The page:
This discussion paper aims to facilitate consideration of an important issue around the mobility of researchers both into and out of the United Kingdom to the rest of Europe and even beyond. Over the years, NPC and other organisations in the UK have engaged in much discussion with their European counterparts as to whether PhD candidates should hold the status of employees or students. In some European countries, they are strictly employees, while in others they may have status and rights as employees, while at the same time they are regarded in their work as students. The UK is quite unique in considering PhD researchers purely as students. It is a problem for us since unless the UK takes careful action on the matter, it could significantly impede the mobility of researchers while at the same time, any significant changes could also disrupt the situation of UK researchers undertaking their PhD. There are a number of issues to consider in terms of whether status as students or employees is more beneficial.
What are the main differences between the UK and Europe?
In the UK, a vast number of home PhD students are funded by research councils or charities. They will likewise receive a grant that is not taxable and have all the benefits and discounts that other students have. The grant will cover tuition fees to the institution to whom they will be registered as a student. An employee, however, will not receive a grant, they will agree to a contract with the institution, as a research fellow would and pay taxes etc. and not be considered as a student to the outside world. Their relationship with the institution will therefore have a significant difference. Both forms of status have their advantages and disadvantages. The following table summarises some of them, although it is not exhaustive:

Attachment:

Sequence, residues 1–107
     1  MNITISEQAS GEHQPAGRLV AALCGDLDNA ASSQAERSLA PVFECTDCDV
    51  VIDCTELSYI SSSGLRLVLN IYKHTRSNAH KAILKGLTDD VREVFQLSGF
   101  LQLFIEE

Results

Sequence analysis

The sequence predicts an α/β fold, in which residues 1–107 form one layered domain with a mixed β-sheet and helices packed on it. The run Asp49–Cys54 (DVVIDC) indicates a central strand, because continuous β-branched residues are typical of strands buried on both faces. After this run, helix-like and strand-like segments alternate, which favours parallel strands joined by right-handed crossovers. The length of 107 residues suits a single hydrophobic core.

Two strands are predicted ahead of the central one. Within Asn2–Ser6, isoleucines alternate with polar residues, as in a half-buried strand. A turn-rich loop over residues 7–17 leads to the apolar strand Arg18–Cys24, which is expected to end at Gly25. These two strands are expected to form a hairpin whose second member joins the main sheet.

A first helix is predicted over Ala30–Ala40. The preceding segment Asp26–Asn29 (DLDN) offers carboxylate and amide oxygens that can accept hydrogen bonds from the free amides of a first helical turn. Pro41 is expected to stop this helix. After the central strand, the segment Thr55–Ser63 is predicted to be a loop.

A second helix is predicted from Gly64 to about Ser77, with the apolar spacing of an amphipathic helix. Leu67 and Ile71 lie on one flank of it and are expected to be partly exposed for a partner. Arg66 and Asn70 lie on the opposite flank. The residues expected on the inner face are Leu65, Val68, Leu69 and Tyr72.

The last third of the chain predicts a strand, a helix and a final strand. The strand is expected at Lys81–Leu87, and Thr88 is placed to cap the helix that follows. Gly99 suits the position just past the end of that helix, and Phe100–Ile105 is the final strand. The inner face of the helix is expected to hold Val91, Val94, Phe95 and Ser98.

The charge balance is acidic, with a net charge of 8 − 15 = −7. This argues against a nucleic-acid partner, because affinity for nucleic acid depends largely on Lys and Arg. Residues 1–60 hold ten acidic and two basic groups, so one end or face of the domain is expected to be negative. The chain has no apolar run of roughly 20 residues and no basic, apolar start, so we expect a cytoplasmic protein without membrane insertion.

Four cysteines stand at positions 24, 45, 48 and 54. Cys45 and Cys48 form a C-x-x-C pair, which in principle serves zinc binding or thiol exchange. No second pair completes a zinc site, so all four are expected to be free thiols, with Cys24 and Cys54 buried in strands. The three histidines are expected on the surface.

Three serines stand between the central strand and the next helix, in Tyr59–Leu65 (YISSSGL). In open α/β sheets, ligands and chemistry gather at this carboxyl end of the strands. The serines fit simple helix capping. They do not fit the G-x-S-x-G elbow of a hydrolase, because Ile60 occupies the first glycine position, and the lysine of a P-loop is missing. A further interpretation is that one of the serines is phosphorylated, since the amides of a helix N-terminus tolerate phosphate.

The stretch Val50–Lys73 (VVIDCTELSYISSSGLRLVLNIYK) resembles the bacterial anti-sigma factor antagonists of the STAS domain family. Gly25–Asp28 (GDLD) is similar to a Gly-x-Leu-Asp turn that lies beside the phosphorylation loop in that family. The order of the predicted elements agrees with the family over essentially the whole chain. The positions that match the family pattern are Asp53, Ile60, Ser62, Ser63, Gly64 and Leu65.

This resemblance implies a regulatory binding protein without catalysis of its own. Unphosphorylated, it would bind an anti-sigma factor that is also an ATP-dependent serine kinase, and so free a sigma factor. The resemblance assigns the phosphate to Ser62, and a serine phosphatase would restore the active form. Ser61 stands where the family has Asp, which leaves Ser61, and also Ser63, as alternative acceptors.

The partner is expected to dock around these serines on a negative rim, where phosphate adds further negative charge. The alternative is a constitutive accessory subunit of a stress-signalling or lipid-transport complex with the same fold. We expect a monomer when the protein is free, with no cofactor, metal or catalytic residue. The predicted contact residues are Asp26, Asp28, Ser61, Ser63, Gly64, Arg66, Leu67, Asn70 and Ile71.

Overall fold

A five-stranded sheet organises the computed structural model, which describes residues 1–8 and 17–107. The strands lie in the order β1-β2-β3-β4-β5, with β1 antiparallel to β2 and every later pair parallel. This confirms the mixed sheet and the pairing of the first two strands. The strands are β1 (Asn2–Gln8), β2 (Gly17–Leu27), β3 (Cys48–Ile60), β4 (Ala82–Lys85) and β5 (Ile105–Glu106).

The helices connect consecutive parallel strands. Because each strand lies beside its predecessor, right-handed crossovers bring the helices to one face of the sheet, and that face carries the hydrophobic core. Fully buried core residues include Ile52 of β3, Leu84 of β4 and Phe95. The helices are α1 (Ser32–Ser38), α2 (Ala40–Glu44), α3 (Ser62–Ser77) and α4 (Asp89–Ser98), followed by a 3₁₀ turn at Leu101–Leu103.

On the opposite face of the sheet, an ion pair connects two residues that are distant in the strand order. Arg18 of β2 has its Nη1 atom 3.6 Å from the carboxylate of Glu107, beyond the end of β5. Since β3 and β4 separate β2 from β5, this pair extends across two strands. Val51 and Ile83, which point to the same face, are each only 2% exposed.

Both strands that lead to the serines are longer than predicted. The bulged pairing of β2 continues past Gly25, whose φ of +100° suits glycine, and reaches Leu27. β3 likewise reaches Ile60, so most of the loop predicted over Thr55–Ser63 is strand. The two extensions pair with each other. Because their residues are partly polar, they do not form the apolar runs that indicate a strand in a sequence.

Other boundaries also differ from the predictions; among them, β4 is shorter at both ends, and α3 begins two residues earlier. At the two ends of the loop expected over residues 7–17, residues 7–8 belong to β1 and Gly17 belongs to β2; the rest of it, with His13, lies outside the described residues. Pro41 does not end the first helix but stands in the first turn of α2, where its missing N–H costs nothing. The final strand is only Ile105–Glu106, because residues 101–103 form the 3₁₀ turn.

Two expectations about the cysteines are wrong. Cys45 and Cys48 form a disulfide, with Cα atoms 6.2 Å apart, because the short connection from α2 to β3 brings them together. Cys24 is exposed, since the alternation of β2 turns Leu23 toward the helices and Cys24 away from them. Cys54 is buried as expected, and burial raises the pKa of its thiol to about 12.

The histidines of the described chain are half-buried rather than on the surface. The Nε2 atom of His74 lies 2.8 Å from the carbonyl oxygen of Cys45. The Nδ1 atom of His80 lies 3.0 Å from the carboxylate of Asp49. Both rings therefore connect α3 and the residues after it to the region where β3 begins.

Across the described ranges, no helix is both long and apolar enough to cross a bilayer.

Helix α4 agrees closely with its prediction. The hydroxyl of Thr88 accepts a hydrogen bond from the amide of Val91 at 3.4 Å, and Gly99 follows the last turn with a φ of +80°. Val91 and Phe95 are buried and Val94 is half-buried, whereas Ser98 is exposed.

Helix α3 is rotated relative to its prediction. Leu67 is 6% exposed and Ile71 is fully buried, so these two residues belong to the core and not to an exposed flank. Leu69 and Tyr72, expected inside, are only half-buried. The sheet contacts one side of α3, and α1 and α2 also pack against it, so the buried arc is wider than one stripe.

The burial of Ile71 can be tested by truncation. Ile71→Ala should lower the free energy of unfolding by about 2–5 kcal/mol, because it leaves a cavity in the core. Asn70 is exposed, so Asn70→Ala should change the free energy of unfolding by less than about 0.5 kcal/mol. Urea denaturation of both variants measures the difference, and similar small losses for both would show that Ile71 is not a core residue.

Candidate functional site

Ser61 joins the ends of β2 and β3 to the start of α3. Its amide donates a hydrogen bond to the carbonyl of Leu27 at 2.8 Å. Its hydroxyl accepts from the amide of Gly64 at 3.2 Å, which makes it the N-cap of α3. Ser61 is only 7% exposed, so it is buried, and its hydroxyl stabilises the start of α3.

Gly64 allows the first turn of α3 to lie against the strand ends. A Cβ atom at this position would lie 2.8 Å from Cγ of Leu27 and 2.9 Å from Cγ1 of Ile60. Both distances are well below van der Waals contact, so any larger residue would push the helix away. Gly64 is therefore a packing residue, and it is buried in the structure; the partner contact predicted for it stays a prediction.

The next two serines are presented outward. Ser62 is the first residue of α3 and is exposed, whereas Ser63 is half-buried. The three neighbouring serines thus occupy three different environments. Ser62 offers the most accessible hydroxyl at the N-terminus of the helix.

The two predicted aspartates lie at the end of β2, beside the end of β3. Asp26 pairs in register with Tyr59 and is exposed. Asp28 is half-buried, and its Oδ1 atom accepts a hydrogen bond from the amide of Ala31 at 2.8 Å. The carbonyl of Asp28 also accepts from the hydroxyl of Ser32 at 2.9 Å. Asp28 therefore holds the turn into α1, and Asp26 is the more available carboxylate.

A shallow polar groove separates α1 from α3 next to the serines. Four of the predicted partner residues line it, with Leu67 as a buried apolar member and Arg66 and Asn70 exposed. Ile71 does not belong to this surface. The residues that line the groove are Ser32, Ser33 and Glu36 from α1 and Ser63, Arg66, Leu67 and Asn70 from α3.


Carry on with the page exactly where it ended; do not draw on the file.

It can be argued that some of the benefits for workers are more useful to a PhD candidate for life investments they may make such as pensions and care for their family if they are a parent. However, the above points suggest that living costs can be reduced significantly while retaining status as a student. Making a decision between the two issues requires a compromise. Financial matters are not the only issue, can it be reasonable to consider a supervisor as an employer, who has the right to direct the students' work and withhold intellectual property? Academic freedom for PhD graduates could be severely restrained in such cases or on the other hand can employment charters be implemented to maintain the rights of researchers?
What are the implications for the UK?
NPC has no policy on this matter at the time of writing, although it will no doubt be of value to have it. There is a need to consider whether the status of student or employee is more beneficial within the UK in the long run. However, on the other side, do we see need to ease the mobility of researchers by providing a more harmonised system across Europe for Early Stage Researchers (ESRs) as they are known as in the general context. There are options that have to be explored in terms of how the UK can ease access to researchers within Europe who wish to be mobilised wherever they are required to be based. One option is to move the status of PhDs in the UK to employees, while another could be to retain the status of students but provide further necessary benefits that provide the benefits of that of an employee. Such an option would be a "halfway house" model to suit both sides.
In the future, NPC plans to debate this matter further through which it can form policy on the way forward for ESRs in the UK.